Our solution was to use a machine-learning algorithm to group words that appear together frequently into 52 topics. These topic groups collect words that are closely related but not identical — words like “fire,” “police,” and “emergency,” or “permits,” “building,” and “construction.” Our algorithm also allowed us to use an individual dataset’s text descriptions to determine what topic umbrella it matched best. We organized all 21,000+ individual data sets into these 52 major topics.
Once we had the data organized into coherent themes, we tried to calculate which themes were most popular.
Just counting total views and downloads, however, skewed results toward portals like New York City or Los Angeles that get more traffic overall. We controlled for big cities by using a popularity measure that combined all views and downloads of datasets on a given topic within a city, and then took the natural logarithm of that sum to “dampen” popularity from big cities or states. Then we then combined the log totals for each topic across all cities and states.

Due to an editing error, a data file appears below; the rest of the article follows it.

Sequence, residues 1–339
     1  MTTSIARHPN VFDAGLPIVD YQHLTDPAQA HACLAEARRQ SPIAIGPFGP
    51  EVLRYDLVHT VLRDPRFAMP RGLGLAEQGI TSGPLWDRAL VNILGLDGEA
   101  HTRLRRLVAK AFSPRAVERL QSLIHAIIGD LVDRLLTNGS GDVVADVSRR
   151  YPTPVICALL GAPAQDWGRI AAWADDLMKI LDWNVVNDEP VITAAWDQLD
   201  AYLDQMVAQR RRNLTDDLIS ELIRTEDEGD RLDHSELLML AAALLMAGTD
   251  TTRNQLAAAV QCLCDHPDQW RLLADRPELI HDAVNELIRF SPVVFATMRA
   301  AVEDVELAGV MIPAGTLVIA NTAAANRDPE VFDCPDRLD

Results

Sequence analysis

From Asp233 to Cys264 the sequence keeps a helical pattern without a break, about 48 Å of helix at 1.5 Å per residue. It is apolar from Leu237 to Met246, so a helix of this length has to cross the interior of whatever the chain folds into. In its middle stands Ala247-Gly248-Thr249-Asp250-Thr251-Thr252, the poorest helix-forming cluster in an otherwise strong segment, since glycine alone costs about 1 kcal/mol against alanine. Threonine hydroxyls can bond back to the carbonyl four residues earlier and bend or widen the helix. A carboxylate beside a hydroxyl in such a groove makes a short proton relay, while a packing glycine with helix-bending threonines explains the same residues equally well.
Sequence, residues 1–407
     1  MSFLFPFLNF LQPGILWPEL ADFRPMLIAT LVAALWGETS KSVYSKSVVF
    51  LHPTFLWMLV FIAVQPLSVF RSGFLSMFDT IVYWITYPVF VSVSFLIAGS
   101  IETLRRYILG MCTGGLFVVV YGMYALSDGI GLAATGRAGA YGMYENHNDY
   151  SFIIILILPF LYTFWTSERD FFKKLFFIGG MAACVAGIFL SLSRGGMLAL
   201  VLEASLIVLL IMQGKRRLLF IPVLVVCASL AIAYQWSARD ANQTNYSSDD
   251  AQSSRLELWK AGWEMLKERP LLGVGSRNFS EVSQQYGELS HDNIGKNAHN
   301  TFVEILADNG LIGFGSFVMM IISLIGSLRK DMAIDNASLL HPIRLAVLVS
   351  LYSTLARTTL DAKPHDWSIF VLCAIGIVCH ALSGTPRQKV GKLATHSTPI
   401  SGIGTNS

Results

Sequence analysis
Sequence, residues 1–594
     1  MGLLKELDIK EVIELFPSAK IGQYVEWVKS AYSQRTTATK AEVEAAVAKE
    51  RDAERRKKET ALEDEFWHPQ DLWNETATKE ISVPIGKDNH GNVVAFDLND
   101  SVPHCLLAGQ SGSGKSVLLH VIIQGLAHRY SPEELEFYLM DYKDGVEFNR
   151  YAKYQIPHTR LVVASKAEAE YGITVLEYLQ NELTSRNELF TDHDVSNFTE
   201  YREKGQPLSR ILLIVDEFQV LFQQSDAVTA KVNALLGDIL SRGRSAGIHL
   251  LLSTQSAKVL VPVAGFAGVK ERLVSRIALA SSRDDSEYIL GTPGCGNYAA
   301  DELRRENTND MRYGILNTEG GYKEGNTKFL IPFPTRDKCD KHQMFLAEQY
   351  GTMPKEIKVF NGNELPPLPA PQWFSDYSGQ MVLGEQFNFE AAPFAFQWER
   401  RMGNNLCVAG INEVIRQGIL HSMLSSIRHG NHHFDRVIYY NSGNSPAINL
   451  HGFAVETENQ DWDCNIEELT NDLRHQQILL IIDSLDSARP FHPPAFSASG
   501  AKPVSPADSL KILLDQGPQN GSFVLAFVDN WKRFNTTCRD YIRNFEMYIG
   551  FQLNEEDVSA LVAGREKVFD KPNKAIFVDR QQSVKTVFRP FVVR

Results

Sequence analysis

Once we had a way to combine datasets with slightly different names but similar contents and chose a useful popularity measure, we were ready to compare topics against one another. You can find the full list of dataset popularity score ranks in our GitHub repository.
Since our scoring system is artificial, we caution against making too much about a few points’ difference in popularity score. “Building permits and permitting” at 584 isn’t objectively more popular than “Annual Budget and Finances” at 582 or even “Campaigns and Elections” at 572. Rather, our ranks are more like groups or tranches; we can clearly see that “Crime reports” predominates while “Personal transportation” and “Public safety calls” are also popular.
That said, after trying several different scoring “settings,” we found that the popularity of public safety and transportation datasets is consistent.
Anyone interested in the intricacies of different scoring settings and fully documented code should view our Jupyter Notebook about this project.
Words of caution
Our findings come with several caveats:
- As noted previously, we only used data from datasets on Socrata. Including datasets from other vendors would potentially change our results.